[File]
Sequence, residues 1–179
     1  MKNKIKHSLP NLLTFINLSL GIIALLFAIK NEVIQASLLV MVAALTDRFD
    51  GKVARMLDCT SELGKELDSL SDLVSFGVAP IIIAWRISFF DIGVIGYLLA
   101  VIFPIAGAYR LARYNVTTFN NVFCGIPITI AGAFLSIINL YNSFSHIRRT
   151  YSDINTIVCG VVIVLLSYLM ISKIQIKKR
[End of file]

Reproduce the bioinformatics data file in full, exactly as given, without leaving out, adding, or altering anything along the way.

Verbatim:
Sequence, residues 1–179
     1  MKNKIKHSLP NLLTFINLSL GIIALLFAIK NEVIQASLLV MVAALTDRFD
    51  GKVARMLDCT SELGKELDSL SDLVSFGVAP IIIAWRISFF DIGVIGYLLA
   101  VIFPIAGAYR LARYNVTTFN NVFCGIPITI AGAFLSIINL YNSFSHIRRT
   151  YSDINTIVCG VVIVLLSYLM ISKIQIKKR